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Vision Res. 2004 Dec;44(28):3253-68.

In vivo studies of signaling in rod pathways of the mouse using the electroretinogram.

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College of Optometry, University of Houston, Houston, TX 77204-2020, USA.



(a) To examine the possibility that there is a threshold in the synaptic mechanism linking rods to rod bipolar cells that can reduce the transmission of continuous noise from the rods without blocking the transmission of any significant proportion of single-photon responses. (b) To estimate the level of this threshold and the amplitude of the continuous noise which it can serve to reduce. (c) To identify the location of the threshold mechanism in the rod to rod bipolar cell pathway.


Corneal electroretinogram recordings were made from dark-adapted mice anesthetized with ketamine/xylazine after inner-retinal components had been suppressed to isolate PII, the response of depolarizing bipolar cells. Suppression was achieved by intravitreal injections of GABA, TTX, or in Cx36 KO animals by crushing the optic nerve and waiting for ganglion cells to degenerate.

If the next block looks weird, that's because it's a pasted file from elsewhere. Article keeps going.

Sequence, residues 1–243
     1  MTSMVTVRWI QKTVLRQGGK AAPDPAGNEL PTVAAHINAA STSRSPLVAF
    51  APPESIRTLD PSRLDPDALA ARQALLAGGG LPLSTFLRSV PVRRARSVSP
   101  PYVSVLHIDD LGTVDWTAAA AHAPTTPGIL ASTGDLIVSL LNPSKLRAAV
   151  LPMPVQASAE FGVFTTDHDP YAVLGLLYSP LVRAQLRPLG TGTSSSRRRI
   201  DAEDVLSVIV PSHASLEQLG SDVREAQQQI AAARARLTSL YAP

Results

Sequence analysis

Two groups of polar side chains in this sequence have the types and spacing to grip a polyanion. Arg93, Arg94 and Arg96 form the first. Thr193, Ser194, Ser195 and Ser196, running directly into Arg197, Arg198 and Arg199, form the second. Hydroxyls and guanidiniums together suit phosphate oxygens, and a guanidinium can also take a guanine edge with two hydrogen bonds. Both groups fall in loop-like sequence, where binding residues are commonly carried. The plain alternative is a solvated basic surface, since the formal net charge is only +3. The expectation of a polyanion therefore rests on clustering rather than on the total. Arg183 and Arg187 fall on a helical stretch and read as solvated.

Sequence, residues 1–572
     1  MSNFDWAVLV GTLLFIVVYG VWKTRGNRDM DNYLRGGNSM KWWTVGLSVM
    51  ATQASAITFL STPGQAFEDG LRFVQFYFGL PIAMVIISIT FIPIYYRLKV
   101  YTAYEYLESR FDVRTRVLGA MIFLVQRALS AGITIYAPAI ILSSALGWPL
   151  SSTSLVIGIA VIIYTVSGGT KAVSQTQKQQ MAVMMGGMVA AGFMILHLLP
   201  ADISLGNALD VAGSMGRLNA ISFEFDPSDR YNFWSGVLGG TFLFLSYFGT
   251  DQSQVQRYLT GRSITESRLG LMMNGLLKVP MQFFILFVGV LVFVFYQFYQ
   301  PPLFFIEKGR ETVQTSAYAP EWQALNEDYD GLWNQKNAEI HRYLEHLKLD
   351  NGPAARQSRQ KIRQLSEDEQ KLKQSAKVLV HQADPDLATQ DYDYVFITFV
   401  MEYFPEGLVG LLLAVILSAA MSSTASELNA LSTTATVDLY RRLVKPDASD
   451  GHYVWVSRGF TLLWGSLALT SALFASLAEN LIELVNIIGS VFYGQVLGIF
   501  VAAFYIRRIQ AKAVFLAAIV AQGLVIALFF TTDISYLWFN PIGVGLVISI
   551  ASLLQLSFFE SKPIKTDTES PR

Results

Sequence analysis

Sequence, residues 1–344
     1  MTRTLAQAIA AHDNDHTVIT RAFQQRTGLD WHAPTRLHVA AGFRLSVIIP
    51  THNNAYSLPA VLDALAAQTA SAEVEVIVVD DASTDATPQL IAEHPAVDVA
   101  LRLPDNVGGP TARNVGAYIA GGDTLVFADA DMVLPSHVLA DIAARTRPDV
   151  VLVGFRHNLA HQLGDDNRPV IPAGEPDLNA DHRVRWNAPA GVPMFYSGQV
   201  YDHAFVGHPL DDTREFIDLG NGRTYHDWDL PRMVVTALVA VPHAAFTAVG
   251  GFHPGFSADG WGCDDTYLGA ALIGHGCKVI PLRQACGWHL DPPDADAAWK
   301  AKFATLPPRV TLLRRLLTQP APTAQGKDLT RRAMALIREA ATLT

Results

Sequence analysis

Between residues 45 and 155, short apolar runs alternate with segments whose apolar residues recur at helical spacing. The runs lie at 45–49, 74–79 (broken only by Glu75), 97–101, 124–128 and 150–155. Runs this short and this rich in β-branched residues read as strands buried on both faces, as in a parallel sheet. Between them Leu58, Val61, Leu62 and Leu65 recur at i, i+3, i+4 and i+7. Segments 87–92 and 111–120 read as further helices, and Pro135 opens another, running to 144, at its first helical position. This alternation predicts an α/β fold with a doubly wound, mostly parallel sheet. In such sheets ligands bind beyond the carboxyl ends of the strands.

All energy-scaled records of isolated PII obtained with ganzfeld stimuli that gave rise to much less than one photoisomerization (R*) per rod (0.01-0.2 R*/rod), had an essentially identical waveform. Stronger stimuli caused a reduction in the peak amplitude of energy-scaled records (saturation) and stimuli strong enough to produce multiple isomerizations in individual rods resulted in a shortening of the response latency and an increase of the energy-scaled amplitude at early times (supralinearity). The shape of the rising edge of isolated PII changed with flash energy in a way that was consistent with the existence of a synaptic threshold whose level was less than one tenth of the amplitude of single-photon signals and a continuous noise whose rms amplitude was even less than this. However, when measured at the time of the peak, the amplitude of PII increased linearly in proportion to stimulus energy from the very lowest levels up to the point where there was, on average, 0.2 R*/rod.


There is a threshold nonlinearity operating at the output of the rod to rod bipolar cell synapse that can usefully reduce the transmission of continuous rod noise without significantly affecting the transmission of single-photon signals. This nonlinearity does not affect the overall linear function of the rod pathway at levels at which it is effectively operating in a photon-counting mode.

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